Monday, July 15, 2024 Detailed Auto Topics
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Finding a stripped oil-pan drain plug is very common. This is expensive to repair, and can result in a ruined engine. Improper service ruins most oil-pan drain plugs and the problem is preventable.

Stripped oil-pan threads

Too much torque pulled thrads from this oil pan

They make most oil-pans today of aluminum. Improper service easily damages these pans. Damaging the threads may render the pan unusable. Many people try to repair the pan, but this is risky and will rarely last. Preventing the problem is easy and far more practical.

People most often damage threads in an oil-pan drain hole by over tightening the drain plug. They design the threads to tolerate a specific amount of torque. This tightness is all that we need to make a good seal. If the plug leaks, another problem exists and we must solve it. Applying additional torque to the drain plug will only damage the threads and plug.

A torque wrench is a necessity when we replace our own oil. The proper torque specification varies widely from one vehicle to another and even on the same vehicle with different engines. Drain plug torque can be found in a service manual for the vehicle. Registered site guests may also access oil-pan drain torque specifications here.

An over tightened oil-drain plug with distorted threads

Over tightening damages the threads

Over tightening the oil-pan drain plug will not make it seal. Instead it distorts the threads and further crushes the seal. Once we distort the threads on the plug, they quickly tear away the threads in the oil-pan.

They do not design drain-plug threads to seal

The threads do not provide a seal

Designers always provide a seal on an oil-pan drain plug. This is because they cannot design standard bolt threads to seal. A gap is always present between the plug and the threads of the oil-pan. This is by design and the reason they always provide an additional seal. On some designs the seal bonded to the drain plug.

Crush-washer oil drain seals are also common. We should replace these at each oil change. They design these washers to crush when they seal. Once we crush them, we destroy future sealing ability. Applying more torque destroys the threads in the oil-pan.

Crushed seal and damage oil-pan plug threads

Over tightened plug with damaged threads and seal

Integral seals also wear out and we need to replace them. Use tears the rubber. It also gets hard or crushes in time. When this happens, additional tightening of the plug will only damage the threads, not increase sealing. Replacing the plug with a new original equipment plug can prevent a very expensive problem.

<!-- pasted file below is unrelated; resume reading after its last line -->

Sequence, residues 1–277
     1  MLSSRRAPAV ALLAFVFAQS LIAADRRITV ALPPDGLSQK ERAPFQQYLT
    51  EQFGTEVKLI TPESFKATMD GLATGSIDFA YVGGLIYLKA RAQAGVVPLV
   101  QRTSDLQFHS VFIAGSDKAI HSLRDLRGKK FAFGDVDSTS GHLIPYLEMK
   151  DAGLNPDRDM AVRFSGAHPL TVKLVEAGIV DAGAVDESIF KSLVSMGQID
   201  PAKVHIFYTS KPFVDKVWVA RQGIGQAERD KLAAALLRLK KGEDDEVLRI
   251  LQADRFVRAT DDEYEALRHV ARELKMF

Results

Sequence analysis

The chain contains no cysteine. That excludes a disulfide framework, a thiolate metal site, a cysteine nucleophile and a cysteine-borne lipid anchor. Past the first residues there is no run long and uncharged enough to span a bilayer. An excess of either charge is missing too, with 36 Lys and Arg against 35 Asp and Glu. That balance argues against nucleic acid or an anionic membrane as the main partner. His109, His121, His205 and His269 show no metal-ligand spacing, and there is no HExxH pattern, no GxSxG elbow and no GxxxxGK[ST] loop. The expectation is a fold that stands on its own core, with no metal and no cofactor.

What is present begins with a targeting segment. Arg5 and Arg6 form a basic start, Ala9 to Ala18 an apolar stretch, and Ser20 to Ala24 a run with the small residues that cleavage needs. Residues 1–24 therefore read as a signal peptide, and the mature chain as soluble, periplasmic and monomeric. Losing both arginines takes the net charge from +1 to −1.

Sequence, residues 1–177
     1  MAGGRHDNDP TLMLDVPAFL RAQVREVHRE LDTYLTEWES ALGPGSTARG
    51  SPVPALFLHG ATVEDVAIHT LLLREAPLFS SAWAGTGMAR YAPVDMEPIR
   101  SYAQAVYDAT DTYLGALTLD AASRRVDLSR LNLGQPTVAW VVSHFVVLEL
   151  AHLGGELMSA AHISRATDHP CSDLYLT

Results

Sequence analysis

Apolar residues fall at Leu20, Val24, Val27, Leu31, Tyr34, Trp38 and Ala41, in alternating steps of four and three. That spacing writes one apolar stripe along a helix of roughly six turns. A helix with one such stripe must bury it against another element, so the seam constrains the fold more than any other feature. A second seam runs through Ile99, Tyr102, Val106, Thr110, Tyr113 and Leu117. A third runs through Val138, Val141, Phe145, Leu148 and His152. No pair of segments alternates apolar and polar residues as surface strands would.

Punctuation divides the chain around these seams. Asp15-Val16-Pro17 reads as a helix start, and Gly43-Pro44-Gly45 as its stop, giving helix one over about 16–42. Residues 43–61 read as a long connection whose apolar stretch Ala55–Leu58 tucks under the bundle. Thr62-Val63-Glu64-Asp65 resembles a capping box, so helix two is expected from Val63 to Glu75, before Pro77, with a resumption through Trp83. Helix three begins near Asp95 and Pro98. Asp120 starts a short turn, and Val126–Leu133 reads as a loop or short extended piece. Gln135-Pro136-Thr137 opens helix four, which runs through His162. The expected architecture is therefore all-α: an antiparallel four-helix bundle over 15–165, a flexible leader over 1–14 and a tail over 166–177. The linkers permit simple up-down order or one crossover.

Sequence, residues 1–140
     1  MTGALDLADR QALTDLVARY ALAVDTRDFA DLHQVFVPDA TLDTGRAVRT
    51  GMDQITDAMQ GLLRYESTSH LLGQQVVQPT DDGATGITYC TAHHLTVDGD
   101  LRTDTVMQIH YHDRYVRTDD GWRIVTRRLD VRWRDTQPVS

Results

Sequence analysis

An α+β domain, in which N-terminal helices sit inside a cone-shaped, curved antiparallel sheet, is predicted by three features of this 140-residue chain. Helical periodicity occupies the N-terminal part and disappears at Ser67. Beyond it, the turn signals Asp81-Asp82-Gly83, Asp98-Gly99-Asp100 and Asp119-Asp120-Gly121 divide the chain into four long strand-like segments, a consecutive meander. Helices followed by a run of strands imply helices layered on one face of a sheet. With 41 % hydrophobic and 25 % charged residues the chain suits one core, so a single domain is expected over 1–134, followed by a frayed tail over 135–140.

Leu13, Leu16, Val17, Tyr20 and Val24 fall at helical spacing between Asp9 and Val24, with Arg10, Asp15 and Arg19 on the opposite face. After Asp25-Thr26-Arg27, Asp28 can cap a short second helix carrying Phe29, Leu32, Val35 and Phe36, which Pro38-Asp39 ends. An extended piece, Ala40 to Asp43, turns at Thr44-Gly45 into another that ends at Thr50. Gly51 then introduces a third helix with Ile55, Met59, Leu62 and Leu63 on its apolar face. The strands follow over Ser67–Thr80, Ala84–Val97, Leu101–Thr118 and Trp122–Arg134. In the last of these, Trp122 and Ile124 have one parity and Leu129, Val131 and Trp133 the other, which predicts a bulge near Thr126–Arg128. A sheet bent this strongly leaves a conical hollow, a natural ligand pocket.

If you change your own oil, buying an extra plug before needed is wise. Store the extra oil drain plug in the glove box. Here it will be available when we need it. This helps us avoid the temptation of reusing a damaged oil-pan drain plug.

A cross threaded oil drain-plug

A cross threaded oil drain plug.

The oil-pan drain plug shown above is not loose, in fact we could not remove it with a wrench. The plug is cross-threaded into the pan and has seized. We have to replace both the oil pan and drain-plug. We should thread the oil drain plug in by hand. A good oil-pan drain plug, with undamaged pan threads, screws most of the way in with hand effort. If the plug does not start straight, it will get very tight. At this point replacing the plug and chasing the threads with a die may save the oil-pan.

A rounded drain-plug head

Preventing rounding is far easier than removing a damaged plug

Another problem associated with over tightening is damage to the drain-plug head. Once damaged, the plug is very difficult to remove. Professional mechanics use several methods to remove rounded drain plugs. Sometimes we weld an undamaged nut to the plug. Other times, drilling a hole in the plug allows us to remove it with a special tool.

It is far better to avoid rounding the head, by using the proper tool. They use several designs for drain-plug heads.

Use the proper tool to avoid rounding the plug

Most oil-pan drain plugs use a conventional hex design. A plug with six sides works best with a six-point socket. Some oil-pan plugs have twelve sides. We must use a 12-point socket on this type. Using a 12-point socket with a six-sided plug, does not provide good support. Investing in a good socket, which fits the plug exactly, will prevent problems.

With oil-pan drains, observing a few simple precautions can prevent much grief.

We can prevent Oil-pan drain stripping with a few simple precautions:

Wipe the threads clean before reusing the plug.

Inspect the threads and seal, every time a plug is removed.

Replace any plug with distorted threads or a damaged seal.

Replace washer type seals every time the oil is changed.

Hand tighten the drain plug as far as possible.

Replace any plug that is hard to remove or reinstall.

Always torque the drain plug to the proper specifications.

Always buy an OEM drain plug, aftermarket plugs are sometimes not of the same quality.


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